Conservative media outlets are attacking Democratic presidential candidate Martin O'Malley for purportedly "taxing the rain" as governor of Maryland. But as The Baltimore Sun noted, the state did "not tax the rain." O'Malley approved an anti-pollution levy on certain property owners to comply with federal law protecting the Chesapeake Bay and its watershed.
The talking point that O'Malley allegedly "taxed the rain" has been frequently used by conservatives since his presidential announcement. For instance:
- During Fox's May 30 coverage of O'Malley's campaign announcement, Fox News contributor Cal Thomas attacked O'Malley for imposing tax increases like "the famous rain tax."
- During the May 31 edition of Fox & Friends Sunday, co-host Anna Kooiman wondered how O'Malley will "be able to stay relevant especially when he's got these huge -- this record of major taxes, including taxing the rain." Fox News contributor Deneen Borelli later said "there isn't a thing he wouldn't tax."
- Richard J. Douglas wrote in a May 31 National Review piece: "Environmental extremism is another O'Malley signature issue. The governor's 'rain tax' (collected on quarterly water bills) made Maryland a national laughingstock. Small businesses weren't laughing, though, when their water bills skyrocketed in 2013. Baltimore's elderly, struggling on fixed incomes and already pressed by crime and collapsing neighborhoods, now face liens thanks to the rain tax."
- CNN's S.E. Cupp on June 4 tweeted a reference to "Governor Rain Tax."
- On his June 5 program, Fox News Radio host John Gibson attacked O'Malley as "Mr. Tax The Rain." Fox News digital editor Chris Stirewalt replied that "O'Malley's rain tax doesn't necessarily disqualify him with the Democratic electorate."
- A June 6 American Thinker piece by Thomas Lifson referred to O'Malley as "the guy who taxed rain."
- A June 9 Townhall.com column by Arthur Schaper claimed of O'Malley: "This man taxed the rain - no joke!"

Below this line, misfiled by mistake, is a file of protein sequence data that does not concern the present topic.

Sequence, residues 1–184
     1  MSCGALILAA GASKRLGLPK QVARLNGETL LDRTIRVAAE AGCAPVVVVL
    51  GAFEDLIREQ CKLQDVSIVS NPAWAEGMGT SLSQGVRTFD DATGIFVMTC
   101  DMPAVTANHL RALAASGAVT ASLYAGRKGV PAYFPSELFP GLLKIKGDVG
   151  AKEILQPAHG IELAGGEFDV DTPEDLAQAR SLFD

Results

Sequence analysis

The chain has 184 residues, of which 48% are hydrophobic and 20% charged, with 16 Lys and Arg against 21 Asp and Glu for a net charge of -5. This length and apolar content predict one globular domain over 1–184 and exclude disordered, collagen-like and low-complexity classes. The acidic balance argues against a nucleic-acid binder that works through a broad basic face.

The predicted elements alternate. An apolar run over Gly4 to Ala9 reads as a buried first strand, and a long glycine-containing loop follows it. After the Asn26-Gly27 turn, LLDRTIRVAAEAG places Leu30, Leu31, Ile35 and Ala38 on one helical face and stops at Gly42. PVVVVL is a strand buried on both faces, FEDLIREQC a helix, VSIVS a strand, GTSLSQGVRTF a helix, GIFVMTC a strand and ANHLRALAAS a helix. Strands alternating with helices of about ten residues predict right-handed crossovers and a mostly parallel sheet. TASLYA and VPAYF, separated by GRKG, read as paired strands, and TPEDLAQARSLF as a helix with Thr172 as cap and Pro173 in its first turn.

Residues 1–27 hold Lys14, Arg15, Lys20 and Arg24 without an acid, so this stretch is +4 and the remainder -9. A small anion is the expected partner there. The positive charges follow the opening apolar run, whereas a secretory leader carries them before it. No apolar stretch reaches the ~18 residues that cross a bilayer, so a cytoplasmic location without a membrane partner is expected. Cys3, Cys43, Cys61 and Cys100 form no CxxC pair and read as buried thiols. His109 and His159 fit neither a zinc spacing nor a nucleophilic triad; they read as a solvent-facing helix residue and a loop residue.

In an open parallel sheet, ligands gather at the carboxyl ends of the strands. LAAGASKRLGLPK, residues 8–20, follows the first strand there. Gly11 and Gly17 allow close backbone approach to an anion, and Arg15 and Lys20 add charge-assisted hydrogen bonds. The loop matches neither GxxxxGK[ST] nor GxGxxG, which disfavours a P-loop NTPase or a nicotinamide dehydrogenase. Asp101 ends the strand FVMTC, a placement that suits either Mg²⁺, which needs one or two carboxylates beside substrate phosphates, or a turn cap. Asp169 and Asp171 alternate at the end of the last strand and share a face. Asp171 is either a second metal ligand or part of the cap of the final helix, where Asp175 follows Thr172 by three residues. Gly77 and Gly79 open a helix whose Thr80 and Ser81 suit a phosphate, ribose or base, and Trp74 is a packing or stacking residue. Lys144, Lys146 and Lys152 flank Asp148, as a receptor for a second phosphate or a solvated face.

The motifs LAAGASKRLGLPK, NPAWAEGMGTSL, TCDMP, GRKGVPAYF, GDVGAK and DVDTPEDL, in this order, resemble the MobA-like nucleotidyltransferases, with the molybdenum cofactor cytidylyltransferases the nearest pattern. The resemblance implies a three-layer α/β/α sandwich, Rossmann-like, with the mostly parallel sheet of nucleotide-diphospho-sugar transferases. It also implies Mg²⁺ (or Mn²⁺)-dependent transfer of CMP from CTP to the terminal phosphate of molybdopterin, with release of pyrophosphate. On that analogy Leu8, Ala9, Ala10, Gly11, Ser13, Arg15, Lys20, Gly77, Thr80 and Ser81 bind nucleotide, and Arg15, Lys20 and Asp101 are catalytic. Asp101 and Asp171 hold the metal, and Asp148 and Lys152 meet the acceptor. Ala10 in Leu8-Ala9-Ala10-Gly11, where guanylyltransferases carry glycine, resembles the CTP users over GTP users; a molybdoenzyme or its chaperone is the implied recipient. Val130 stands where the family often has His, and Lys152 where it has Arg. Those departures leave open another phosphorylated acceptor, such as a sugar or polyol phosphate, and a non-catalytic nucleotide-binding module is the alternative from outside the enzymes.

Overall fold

- Daniel Greenfield wrote in a June 10 FrontPage Magazine piece that "O'Malley is famous for is taxing the rain as governor" and Democrats "can cast their vote for a man who will tax water falling from the sky ... O'Malley will tax any rain that falls on you." He added that his only support would come from voters who "hate" rain.
The "rain tax" is, in fact, a federally mandated levy on pollution caused by storm water run-off, one of the main culprits in the tragic, decades-long environmental degradation of the Chesapeake Bay. Established by state legislation passed in 2012, the tax applies to the state's 10 most heavily populated urban and suburban jurisdictions, places with an abundance of hard surfaces -- parking lots, roads, driveways. In those built-up places, storm water carrying sediment, nutrients, trash and a variety of other pollutants washes into nearby streams and rivers, which drain into the bay. Revenues from the tax are meant to help localities adopt programs and build infrastructure to limit the damage from that runoff in order to protect the body of water.
The Baltimore Sun wrote in a June 2014 editorial that "rain tax" claims are "nonsense" since "Maryland does not tax the rain. It has directed its 10 most populous jurisdictions to raise revenue to pay for stormwater management upgrades that will prevent pollution from choking the Chesapeake Bay, per federal environmental regulations." Washington Post reporter Jenna Johnson wrote in a fact check article that "it's more of a pollution tax than a rain tax."
The nonprofit Chesapeake Bay Foundation called the "rain tax" moniker "blatantly false," stating: "The truth is that we are talking about a fee to reduce pollution from water that washes off hard surfaces and empties into local waterways. Runoff pollution is real--it is responsible for no-swimming advisories and beach closures in local waters, fish consumption advisories, and dead zones in the Bay that can't support aquatic life. It also causes localized flooding and property damage. And in many areas, it is the largest source of pollution."
The misleading "rain tax" talking point has repeatedly been used by Maryland Republicans, especially during Larry Hogan's successful run for Maryland governor. In May, Hogan signed SB 863, the "Rain Tax Mandate Repeal (Watershed Protection and Restoration Programs, Revision), which repeals the requirement that forces local jurisdictions to collect a stormwater remediation fee, and instead authorizes such jurisdictions to do so." The Sun reported that "environmentalists worked to get the proposal from an outright repeal of stormwater fees to the version that passed."